So the first and most fundamental part about being open, seems to be leveraging the tremendous distributed pool of knowledge that exists outside your organization and that no matter how good you are, no matter how big you are, there are too many good ideas and good people outside your organization to try to do it all yourself. Instead, build your innovation process with the founding principle that to be successful in a sustainable way, you're going to have to connect to and leverage and make use of external ideas in your business.

And then the other half of being open is some of the stuff that you work on, you're not going to use. And instead of keeping that bottled up in your own organization, create processes to let those things go to the outside for others to make use in their business. Then maybe there's a way you can hitch a ride either in terms of an equity stake or some technology grant backs so that you get access to the improvements that they make in their R&D for free. These are ways that you can build your business or build a new revenue stream off of your ideas that you're not going to use in your business that others could use in theirs. So this is kind of where I start from when I think about this idea of open.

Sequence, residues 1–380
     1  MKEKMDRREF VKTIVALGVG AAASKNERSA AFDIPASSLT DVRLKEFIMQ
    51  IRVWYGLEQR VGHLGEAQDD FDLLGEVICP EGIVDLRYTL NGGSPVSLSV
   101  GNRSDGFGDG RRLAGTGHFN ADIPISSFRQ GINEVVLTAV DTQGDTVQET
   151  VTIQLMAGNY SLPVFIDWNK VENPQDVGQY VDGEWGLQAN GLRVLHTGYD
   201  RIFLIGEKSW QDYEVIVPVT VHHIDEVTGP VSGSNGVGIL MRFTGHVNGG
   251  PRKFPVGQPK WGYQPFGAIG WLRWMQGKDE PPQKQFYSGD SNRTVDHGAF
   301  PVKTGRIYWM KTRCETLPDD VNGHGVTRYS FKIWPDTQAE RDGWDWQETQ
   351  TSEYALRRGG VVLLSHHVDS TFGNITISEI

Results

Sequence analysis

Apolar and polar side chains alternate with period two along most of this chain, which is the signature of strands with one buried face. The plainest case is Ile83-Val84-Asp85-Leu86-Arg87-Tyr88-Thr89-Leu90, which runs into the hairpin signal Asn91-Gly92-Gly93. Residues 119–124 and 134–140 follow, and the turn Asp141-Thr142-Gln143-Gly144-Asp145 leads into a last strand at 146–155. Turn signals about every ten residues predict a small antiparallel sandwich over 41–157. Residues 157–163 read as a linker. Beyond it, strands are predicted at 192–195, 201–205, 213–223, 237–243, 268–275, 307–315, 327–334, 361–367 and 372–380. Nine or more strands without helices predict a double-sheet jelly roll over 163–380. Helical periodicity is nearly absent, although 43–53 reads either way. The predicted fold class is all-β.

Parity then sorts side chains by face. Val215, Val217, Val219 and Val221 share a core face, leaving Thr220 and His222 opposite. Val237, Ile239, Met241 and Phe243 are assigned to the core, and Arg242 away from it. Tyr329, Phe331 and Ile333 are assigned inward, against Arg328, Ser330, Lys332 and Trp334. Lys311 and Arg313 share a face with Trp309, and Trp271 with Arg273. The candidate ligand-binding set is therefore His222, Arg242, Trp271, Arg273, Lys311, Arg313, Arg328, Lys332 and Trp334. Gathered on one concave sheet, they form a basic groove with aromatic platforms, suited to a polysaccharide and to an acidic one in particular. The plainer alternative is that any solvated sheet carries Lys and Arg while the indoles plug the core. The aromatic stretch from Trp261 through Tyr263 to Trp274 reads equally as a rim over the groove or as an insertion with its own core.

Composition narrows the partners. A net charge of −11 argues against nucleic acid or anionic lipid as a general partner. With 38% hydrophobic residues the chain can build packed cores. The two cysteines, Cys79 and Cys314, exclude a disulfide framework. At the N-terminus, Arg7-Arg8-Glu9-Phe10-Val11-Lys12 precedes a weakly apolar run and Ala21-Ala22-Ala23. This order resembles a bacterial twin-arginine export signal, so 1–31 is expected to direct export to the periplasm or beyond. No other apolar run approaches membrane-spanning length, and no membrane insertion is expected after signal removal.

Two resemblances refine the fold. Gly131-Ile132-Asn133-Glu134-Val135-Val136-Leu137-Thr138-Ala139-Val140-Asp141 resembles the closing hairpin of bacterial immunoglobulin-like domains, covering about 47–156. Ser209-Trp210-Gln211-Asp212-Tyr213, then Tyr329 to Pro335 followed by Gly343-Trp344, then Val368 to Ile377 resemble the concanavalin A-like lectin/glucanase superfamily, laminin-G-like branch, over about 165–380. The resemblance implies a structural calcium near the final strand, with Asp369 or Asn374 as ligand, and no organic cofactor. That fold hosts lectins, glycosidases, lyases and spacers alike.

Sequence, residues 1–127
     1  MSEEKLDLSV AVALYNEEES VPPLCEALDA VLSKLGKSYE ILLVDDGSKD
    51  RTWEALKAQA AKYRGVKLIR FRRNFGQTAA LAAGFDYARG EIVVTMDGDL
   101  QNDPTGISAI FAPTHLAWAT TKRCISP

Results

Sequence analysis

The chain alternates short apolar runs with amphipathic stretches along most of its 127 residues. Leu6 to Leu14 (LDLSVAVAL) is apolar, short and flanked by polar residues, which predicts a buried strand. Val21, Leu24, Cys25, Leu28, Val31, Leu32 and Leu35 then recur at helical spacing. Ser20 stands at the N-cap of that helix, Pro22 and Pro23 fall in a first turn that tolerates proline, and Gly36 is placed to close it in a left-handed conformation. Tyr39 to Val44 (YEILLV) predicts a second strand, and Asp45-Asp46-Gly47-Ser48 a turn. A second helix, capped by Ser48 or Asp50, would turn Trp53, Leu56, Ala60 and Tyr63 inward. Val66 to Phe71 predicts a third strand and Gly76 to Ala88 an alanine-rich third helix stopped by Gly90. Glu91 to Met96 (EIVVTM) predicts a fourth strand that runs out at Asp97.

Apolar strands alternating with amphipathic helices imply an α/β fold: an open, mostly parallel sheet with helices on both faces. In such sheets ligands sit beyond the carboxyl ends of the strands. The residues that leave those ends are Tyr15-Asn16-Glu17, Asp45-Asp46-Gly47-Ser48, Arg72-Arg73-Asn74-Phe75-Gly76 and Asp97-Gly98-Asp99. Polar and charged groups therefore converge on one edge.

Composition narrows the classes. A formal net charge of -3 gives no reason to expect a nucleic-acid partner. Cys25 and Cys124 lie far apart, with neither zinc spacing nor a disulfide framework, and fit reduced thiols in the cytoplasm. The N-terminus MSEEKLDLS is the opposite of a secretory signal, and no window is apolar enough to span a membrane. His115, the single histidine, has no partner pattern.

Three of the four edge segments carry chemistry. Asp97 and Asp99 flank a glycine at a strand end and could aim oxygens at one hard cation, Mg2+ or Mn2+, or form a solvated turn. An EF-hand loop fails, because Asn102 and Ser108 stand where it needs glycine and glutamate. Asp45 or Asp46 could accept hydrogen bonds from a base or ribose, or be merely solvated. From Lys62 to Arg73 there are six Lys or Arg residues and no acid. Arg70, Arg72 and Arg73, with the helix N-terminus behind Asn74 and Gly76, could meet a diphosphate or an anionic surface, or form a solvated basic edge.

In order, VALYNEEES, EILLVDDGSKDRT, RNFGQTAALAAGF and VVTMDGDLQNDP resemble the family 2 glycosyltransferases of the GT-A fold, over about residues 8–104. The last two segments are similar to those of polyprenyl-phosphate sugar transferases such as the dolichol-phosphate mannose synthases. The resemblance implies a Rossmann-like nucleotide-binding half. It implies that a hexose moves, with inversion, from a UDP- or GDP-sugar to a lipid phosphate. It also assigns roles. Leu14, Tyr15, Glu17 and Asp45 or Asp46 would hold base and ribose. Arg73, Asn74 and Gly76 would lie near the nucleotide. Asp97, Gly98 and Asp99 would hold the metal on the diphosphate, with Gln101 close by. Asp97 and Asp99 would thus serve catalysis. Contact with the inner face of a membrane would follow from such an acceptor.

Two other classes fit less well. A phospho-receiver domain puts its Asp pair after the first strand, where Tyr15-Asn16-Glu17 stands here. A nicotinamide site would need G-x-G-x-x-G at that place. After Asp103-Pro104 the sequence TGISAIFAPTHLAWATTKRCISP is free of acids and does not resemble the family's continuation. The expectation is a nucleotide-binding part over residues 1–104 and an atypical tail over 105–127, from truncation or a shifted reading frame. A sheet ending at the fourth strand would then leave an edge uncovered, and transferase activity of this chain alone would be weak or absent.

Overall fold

Gary Hamel: Many managers, when you start to talk about what it means to be open, say they still have a profit-and-loss responsibility to shareholders. The firm is still trying to create an advantage, something that's proprietary. How do those ideas fit together?

Henry Chesbrough: This question of how do you make money in an open world is a really important question. And there is something of a schism on this very point. If you look at open source software, for example, there's one school of thought that says software should be free and licensing regimes like the General Public License mean that everything that is contributed and used, you have to contribute back to the community so that everybody has equal access to all of the invention and intellectual property.